These small plastics are transported year after year by the 350 km long Scheldt that crosses many cities and eventually washes up by the tides. This nature reserve also has to contend with industrial plastic pellets (polymers as raw material for many products) that have been lost over the years and have accumulated in this mud and salt marshes area.
In order to tackle this at the source, Port of Antwerp, together with the entire plastics sector, has put its shoulders to the 'Operation Clean Sweep ©' charter in which we strive for 'Zero Pellet Loss'.
But what about these small plastics that are now entangled in this nature reserve?
The Galgeschore is a mudflat and salt marsh area that is constantly in motion due to the tides.
- It houses a unique fauna and flora, which of course may not be disturbed.
- The small plastic particles are only a few millimetres in size.
- The plastics are entangled in many types of vegetation and soils that are difficult to access.
Jan De Nul is the winner of the Port of Antwerp “Plastic Challenge”
Port of Antwerp challenged you to come up with a feasible solution in the technical, budgetary, logistics and environmental fields. On 19 December, Port of Antwerp awarded the prize of 10,000 euros to the company Envisan (Jan De Nul Group). They will build a kind of vacuum cleaner that removes plastic pellets from the port's natural environment.
The Galgeschoor is an area of over 100 hectares and offers a home for many unique vegetations and bird species. It is therefore very important that the nature reserve is not disturbed by this challenge. In this mud flats and salt marshes area, 3 different vegetation zones are indicated that are applicable for this challenge.
- Hardened and crushed stone substrate with loose remnants of humus layer
- Very high concentration of plastics free on paved surfaces
- Jump and storm tide washing-up
Humus layer above reed collar
- Litter layer consisting of loose and stacked dead vegetations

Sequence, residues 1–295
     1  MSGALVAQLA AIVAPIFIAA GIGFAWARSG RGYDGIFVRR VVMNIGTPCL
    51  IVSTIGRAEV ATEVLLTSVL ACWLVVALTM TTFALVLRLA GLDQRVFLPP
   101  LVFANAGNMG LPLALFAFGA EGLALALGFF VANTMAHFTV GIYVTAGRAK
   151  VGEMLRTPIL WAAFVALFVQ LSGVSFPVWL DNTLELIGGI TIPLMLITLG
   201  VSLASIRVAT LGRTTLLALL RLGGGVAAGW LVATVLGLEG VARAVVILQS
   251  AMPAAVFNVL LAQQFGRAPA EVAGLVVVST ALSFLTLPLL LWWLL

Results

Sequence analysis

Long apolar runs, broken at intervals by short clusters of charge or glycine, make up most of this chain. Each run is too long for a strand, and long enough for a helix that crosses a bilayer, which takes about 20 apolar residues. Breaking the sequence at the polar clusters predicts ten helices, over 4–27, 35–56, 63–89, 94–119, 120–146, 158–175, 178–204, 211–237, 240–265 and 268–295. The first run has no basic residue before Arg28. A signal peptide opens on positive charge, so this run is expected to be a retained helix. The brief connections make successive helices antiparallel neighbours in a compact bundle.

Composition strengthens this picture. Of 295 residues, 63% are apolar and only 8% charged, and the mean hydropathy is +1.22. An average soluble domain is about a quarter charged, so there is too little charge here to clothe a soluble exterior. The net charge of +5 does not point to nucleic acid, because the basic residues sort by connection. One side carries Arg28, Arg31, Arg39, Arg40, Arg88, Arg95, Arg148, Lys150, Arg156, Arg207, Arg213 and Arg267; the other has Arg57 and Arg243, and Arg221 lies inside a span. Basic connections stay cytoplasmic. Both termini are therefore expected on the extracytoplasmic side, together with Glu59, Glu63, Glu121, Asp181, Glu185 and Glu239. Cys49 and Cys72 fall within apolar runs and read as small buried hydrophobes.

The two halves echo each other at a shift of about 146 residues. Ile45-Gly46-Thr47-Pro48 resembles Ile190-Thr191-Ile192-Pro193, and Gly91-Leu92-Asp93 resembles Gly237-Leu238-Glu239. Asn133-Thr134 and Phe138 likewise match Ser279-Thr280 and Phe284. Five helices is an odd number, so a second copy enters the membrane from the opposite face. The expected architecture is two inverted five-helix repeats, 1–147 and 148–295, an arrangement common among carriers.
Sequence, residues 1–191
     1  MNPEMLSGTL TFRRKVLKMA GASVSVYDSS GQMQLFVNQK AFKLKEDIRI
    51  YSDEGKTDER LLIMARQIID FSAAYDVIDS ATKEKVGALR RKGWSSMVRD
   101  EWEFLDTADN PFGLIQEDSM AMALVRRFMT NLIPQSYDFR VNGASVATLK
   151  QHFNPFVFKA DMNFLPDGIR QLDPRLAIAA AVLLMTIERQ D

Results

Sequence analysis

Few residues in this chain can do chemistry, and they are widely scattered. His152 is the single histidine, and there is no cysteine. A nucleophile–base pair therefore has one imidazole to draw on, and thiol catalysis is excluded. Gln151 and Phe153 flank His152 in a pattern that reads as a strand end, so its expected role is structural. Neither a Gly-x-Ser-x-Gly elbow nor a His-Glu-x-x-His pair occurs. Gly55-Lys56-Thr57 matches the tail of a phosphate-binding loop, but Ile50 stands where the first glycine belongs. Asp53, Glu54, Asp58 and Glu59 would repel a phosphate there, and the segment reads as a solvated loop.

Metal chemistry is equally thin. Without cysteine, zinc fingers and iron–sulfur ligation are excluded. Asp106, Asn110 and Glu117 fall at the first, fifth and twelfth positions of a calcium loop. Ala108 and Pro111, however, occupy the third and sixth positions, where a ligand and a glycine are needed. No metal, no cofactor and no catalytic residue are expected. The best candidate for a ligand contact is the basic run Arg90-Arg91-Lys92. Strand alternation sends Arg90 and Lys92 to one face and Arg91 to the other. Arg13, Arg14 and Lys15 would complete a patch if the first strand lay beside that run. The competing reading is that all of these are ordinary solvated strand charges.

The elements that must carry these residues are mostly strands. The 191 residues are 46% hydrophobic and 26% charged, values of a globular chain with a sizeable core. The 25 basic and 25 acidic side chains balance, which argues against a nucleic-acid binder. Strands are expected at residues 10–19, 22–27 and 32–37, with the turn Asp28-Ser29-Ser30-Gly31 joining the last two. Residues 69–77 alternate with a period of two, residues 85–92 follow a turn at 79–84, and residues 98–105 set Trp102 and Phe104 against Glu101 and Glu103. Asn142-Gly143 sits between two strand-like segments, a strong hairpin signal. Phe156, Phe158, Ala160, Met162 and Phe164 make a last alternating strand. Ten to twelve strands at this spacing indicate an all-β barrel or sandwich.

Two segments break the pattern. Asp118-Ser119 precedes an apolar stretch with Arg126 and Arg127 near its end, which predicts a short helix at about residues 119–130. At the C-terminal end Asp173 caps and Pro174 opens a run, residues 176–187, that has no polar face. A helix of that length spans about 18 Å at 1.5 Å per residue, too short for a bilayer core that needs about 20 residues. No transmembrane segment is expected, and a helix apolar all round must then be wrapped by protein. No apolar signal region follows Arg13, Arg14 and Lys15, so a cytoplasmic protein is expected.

- Medium to high concentration of plastics deep into the humus layer.
- Ashore by high and spring tides
Green vegetation zone above reed belt
- Fast-growing green plants such as thistles, nettles, etc.
- Moderate concentration of plastics between plants and into the superficial humus layer
- Ashore due to high tide
For this challenge, the Galgenschoor-mudflat is indicated as a reference point. Such vegetation zones with plastic contamination can also occur elsewhere in other mudflats and salt marshes along the banks of the Scheldt!
The plastics to be removed float around the denominator of microplastics and literally fall through the meshes of the net.
Which plastics are we talking about?
- Plastics that have been degraded to small particles of 5 mm and smaller.
- Industrial plastic pellets intended as raw material for many products.
- Plastics that mainly float but also float and sink.
- Plastics that you can still see with the naked eye.
10 competition rules
- The solution should include no disturbance of the flora and fauna.
- The solid ground and vegetation remain untouched.
- 1 winner of the cash prize (€ 10,000).
- The Environmental Expert Team will have to make a positive assessment as to whether the environmental impact in the area will be disturbed too much.
- Technical Expert Team will have to positively assess the overall feasibility of the solution.
- The organisation always has the right not to hold anyone back.
- The organization is free to decide whether the won solution will be implemented effectively.
- The submitter is not entitled to any compensation for the creation of ideas and concepts.
- Intellectual property remains the property of the developer of the idea.
- All data submitted within the framework of the competition will be returned to the submitter and will no longer be in the possession of the organizer.